On a hot Sunday morning five summers ago, my wife and I were bicycling through Riverdale on our way to church. Heading west along Simpson Avenue, we saw what looked like half a dozen horses with policemen astride.
Odd, I thought.
As we pedalled closer, we saw dozens of police officers streaming into the local church a block away.
My paranoia went on high alert.
Yes, it was our church, Metropolitan Community Church. But it’s also Toronto’s gay church, whose senior pastor, Brent Hawkes, performed the first legal same-sex marriage in the world in 2001. For a brief moment, I thought perhaps the police were storming the church. After all, in 1981 the Toronto Police raided four gay bathhouses and arrested 300 men for being in a “bawdy house.” But “Operation Soap” was a turning point for gay rights in Canada. Even then, Ontario’s attorney general, Roy McMurtry, felt that such actions were akin to a police state.
Police harassing gays? Until recently, it’s been the most natural thing in the world, because until not long ago, homosexuality was a criminal offence.
But back to church. My wife and I parked our bikes and walked in to a packed house of 400 parishioners. About half of them were members of the Toronto Police Service, there to celebrate MCC’s annual Police Appreciation Service, which MCC has hosted since 2005.
It was remarkable in a number of ways: first, Chief Bill Blair was there with his wife, Susan Blair, a social worker who spoke from the pulpit about the pain of isolation borne by both the police and the gay community.
Then gay police couples, some in full-dress uniform, walked forward to take communion, acknowledging the chief on their way to the altar, and he, them. After his sermon, Rev. Hawkes welcomed new members of the congregation, including two young men barely in their 20s, who had just arrived from Moscow. I wondered if the mayor of Moscow would be taking part in a similar service in Russia, and quickly thought better of that fantasy. Then the Toronto Police Association Men’s Chorus sang, and when the service was done, we all walked out into the sun with the police horses and their riders providing a sort of guard of honour.
That episode reconfirmed for me why Toronto consistently ranks among the most livable cities in the world.
If anything, our pride was even more evident this past Sunday. My wife and I decided to attend the annual MCC “Church on Church” held in a parking lot across from Maple Leaf Gardens before the Pride Parade takes over the street, the neighbourhoodand the city three hours later.
Not only was Chief Blair in attendance, but he stood saluting as the MCC choir sang “O Canada,” and then was introduced by Rev. Hawkes, along with John Tory, Carolyn Bennett, Bob Rae, Olivia Chow and various city councillors – all to long applause.
Leaving the service, we walked up Church Street to find a row of booths all recruiting passersby to consider a career with the Durham Regional Police, the Ontario Provincial Police and the Toronto Police Service.
It’s taken three decades for the police to shift from raiding gay assemblies in Toronto to joining them for the purpose of filling their ranks with the people they used to despise.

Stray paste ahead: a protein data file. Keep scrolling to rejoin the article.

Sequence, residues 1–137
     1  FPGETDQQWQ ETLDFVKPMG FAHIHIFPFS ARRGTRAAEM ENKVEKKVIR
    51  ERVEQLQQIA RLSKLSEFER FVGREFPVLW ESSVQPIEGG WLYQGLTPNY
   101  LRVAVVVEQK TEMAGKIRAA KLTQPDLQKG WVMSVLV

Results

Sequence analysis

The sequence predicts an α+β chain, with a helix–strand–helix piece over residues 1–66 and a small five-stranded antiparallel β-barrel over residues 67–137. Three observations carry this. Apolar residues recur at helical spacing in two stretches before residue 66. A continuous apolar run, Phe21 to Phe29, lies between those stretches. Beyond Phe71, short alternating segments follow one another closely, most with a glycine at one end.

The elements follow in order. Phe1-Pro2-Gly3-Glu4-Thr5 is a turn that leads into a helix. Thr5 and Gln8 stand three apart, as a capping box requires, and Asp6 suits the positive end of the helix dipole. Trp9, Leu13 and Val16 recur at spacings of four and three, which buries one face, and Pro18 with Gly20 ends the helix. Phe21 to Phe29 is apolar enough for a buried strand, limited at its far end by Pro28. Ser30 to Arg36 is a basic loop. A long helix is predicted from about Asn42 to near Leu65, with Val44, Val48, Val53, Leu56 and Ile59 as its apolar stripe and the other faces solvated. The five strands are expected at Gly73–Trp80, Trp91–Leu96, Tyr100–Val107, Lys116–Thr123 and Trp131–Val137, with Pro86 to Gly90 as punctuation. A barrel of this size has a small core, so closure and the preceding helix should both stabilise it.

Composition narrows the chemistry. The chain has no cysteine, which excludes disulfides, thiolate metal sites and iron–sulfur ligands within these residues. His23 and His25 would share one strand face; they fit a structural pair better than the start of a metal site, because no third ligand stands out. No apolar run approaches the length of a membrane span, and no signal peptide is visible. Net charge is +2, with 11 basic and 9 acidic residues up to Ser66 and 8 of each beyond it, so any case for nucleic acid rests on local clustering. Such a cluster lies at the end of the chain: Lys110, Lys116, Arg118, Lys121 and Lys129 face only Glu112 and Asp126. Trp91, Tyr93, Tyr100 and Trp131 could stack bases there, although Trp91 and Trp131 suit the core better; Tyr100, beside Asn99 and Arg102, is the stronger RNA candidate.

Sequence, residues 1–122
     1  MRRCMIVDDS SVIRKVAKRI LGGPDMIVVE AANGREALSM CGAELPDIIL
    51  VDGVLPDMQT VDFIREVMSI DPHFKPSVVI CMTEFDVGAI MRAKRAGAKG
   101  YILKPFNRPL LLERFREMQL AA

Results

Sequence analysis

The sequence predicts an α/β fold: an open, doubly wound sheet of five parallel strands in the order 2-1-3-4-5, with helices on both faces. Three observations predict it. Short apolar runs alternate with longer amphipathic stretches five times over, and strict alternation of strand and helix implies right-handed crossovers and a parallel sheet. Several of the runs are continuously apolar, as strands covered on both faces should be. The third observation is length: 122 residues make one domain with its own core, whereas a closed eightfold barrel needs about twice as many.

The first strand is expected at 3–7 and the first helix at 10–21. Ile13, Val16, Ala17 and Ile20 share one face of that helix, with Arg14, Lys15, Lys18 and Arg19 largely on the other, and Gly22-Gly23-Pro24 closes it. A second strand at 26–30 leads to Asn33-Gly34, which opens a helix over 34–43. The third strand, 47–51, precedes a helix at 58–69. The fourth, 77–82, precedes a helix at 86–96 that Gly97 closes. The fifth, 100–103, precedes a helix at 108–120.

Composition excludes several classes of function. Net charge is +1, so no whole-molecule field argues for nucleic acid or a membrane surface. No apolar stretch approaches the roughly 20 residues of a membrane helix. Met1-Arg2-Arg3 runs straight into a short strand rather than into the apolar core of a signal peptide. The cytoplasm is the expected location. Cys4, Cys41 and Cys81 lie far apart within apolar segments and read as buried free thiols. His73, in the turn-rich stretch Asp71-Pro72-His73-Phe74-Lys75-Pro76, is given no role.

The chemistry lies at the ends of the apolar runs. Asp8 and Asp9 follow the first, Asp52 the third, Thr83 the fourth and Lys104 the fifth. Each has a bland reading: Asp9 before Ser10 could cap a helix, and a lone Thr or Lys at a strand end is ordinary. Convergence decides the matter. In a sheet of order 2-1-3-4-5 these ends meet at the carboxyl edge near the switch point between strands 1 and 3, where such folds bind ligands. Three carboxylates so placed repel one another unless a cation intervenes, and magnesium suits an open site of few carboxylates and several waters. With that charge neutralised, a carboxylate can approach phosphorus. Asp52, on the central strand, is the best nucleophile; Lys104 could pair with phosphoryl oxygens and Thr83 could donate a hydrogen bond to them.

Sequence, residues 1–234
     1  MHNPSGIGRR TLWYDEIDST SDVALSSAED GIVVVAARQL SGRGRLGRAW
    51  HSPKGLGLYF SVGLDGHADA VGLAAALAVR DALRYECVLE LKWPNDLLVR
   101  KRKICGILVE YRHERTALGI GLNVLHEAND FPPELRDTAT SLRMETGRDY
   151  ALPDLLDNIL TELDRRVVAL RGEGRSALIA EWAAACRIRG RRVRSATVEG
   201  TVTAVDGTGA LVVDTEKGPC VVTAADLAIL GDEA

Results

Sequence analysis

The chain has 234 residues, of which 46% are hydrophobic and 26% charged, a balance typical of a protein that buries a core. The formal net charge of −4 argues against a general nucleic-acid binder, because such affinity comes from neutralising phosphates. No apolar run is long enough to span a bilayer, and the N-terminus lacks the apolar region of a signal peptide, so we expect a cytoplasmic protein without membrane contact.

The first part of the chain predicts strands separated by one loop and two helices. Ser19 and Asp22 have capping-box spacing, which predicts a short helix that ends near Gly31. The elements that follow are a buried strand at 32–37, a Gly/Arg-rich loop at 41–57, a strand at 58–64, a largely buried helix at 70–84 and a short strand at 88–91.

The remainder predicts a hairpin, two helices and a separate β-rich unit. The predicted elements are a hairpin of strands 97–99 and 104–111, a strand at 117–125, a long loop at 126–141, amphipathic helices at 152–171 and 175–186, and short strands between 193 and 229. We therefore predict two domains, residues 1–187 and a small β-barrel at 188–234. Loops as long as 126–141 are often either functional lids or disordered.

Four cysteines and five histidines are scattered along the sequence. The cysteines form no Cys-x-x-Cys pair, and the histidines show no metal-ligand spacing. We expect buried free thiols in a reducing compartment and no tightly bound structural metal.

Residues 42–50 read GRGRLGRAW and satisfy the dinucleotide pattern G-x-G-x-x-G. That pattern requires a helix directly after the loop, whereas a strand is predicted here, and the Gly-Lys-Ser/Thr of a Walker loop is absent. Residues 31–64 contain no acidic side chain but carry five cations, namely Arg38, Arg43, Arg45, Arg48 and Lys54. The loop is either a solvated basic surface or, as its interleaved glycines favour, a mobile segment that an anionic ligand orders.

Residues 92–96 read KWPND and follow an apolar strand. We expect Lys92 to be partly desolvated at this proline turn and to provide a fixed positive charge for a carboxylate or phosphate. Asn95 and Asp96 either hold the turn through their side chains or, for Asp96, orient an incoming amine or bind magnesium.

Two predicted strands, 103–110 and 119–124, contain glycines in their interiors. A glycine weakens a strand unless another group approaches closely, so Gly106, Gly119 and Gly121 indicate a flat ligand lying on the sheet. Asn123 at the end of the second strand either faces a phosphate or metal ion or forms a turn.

Meanwhile, two years ago across the border in America, Barack Obama repealed the “Don’t Ask, Don’t Tell” law for members of the military, and this year he pledged his support for same-sex marriage.
Given the waves of goodwill that engulfed the million plus people who took part or watched the Pride Parade in Toronto, it’s easy to assume that in a few years, there will be no prejudice at all against the LGBT community (lesbians, gays, bisexuals and transgendered). As so many teenagers now proclaim: “Get over it!”
Don’t kid yourself. As Brent Hawkes says at every turn, the battle for gay rights is a battle for human rights, and human rights are never won easily – or kept without constant vigilance. Even today, you can be sent to jail in 75 countries if you’re gay and you can be executed in seven.
True, here in Canada, gays can get married, adopt children, serve openly in the military, enjoy pension and survivor rights.
But as one T-shirt in the parade said: “Pride’s all fun and gay, until you take away someone’s rights.”
That warning was echoed by Rev. Hawkes, who cautioned in his sermon on Sunday not just to celebrate and demonstrate (the theme of this year’s Pride Parade), but to work to make sure there’s no backpedaling in the extraordinary progress the LGBT community has made – and the non-LGBT community has made with its attitudes as well.
What’s the next flash point going to be?
Here’s my guess. Toronto has won the right to host World Pride 2014, which includes a parade of nations and an international human rights conference.
And who will Toronto’s mayor be in the summer of 2014?
His not turning up for this will not only insult rising numbers of citizens of Ford Nation, it will embarrass us in the eyes of the world, who would view the mayor’s absence as voting with his feet.
We have two years to change Rob Ford’s mind about where he should be on Canada Day.
Or change our city’s mind on who our chief constable should be.
For when it comes to Pride, there’s no room anymore for prejudice.